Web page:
condor

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condor,

common name for certain American vulturesvulture,
common name for large birds of prey of temperate and tropical regions. The Old World vultures (family Accipitridae) are allied to hawks and eagles; the more ancient American vultures and condors are of a different family (Cathartidae) with distant links to storks and
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, found in the high peaks of the Andes of South America and the Coast Range of S California. Condors are the largest of the living birds, nearly 50 in. (125 cm) long with a wingspread of from 9 to 10 ft (274–300 cm). Voracious eaters, they prefer carrion but will attack living animals as large as deer. The eggs are laid in a sketchy cliff nest of twigs; the young are unable to fly until they are about a year old.

The Andean condor, Vultur gryphus, has black plumage with white wing patches and a white neck ruff. The lead-colored head and neck are bare; the male has a comb and wattles. The female lays one or two eggs. The California condor, or California vulture, Gymnogyps californianus, is all black with white wing bands. Forming long-term pair bonds, the California condor only lays one egg and does not breed until at least six years old. Condors, particularly the California species (which has only recently been reintroduced into the wild), are extremely rare and on the verge of extinction.

Condors are classified in the phylum ChordataChordata
, phylum of animals having a notochord, or dorsal stiffening rod, as the chief internal skeletal support at some stage of their development. Most chordates are vertebrates (animals with backbones), but the phylum also includes some small marine invertebrate animals.
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, subphylum Vertebrata, class Aves, order Cathartiformes, family Cathartidae.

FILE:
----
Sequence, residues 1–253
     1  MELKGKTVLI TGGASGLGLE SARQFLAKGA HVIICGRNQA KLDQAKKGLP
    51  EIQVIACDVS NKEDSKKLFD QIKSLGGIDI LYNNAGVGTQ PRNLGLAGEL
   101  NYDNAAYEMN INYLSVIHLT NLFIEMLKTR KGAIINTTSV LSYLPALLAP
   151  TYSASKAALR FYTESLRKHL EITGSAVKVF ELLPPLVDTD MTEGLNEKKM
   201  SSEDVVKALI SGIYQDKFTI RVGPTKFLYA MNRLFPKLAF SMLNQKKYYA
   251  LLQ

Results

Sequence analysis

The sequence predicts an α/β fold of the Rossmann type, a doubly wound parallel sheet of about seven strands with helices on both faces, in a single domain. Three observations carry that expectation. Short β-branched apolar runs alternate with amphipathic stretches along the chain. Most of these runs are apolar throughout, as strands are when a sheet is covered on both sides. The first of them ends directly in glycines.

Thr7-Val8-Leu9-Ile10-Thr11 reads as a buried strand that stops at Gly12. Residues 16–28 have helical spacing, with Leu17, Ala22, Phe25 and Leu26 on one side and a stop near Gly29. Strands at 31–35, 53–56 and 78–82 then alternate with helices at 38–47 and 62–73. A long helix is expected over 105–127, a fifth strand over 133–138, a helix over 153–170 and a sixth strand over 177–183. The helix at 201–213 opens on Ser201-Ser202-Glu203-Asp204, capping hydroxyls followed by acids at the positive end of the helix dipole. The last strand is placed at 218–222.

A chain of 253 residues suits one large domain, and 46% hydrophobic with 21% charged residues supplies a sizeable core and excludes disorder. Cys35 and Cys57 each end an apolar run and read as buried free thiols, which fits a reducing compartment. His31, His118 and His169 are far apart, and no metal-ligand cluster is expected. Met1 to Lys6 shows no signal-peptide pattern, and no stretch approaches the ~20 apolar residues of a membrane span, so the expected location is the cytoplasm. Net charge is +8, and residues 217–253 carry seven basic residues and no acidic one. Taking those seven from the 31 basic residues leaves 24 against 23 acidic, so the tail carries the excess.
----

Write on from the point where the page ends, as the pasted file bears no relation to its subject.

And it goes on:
condor

[′kän‚dȯr]
(navigation)
A continuous-wave navigation system, similar to benito, that automatically measures bearing and distance from a single ground station; the distance is determined by phase comparison and the bearing by automatic direction finding.
(vertebrate zoology)
Vultur gryphus. A large American vulture having a bare head and neck, dull black plumage, and a white neck ruff.

Condor

[′kän‚dȯr]
(ordnance)
A U.S. Navy air-to-surface missile that uses optoelectronic guidance, developed for use beyond the range of antiaircraft guns which protect heavily defended ground targets; range is about 50 miles (80 kilometers).

condor

either of two very large rare New World vultures, Vultur gryphus (Andean condor), which has black plumage with white around the neck, and Gymnogyps californianus (California condor), which is similar but nearly extinct
References in periodicals archive ?
Lead concentrations in the blood of Big Sur California condors. California Condors in the 21st Century.
The condors seek out a direct path to get from one side of the valley to the other.
115 in Osprey's Combat Aircraft series, Goss describes the early years of the Fw 200 Condor as a German airliner and documents its wartime career when, for about three years, the Condor patrolled the convoy routes between the U.S.
Biologists attribute the revival to captive-breeding programmes and reduced use of lead ammunition near condor feeding grounds.
Chris West of Yurok Tribe from Northern California - a region where the large birds have not existed in the wild for over 100 years now - and his colleagues assessed the feasibility of the return of condors to the region by looking at data for two other scavenging birds - turkey vultures and common ravens.
Caption: Below left: California condors; below right: Flowers along the Condor Trail near Big Sur
As of 2015, there were 435 condors globally, 268 of them in the wild.
While significant progress in reestablishing wild condor populations has been made since 1992, when the reintroduction of captive-bred condors to the wild began, conservation challenges--" most notably lead poisoning--" remain.
Oregon Zoo Senior Keeper of Condors Kelli Walker said the four facilities produce about 40 eggs each year as part of a program to bolster wild populations.
This grim paper confirms the toll of lead ammunition on condors in the wild, which conservation biologists have warned about for years, says Jeff Walters of Virginia Tech in Blacksburg.
"Since we are here, watching out over everything, then we can monitor the condors, and if anything is wrong, let the right people know."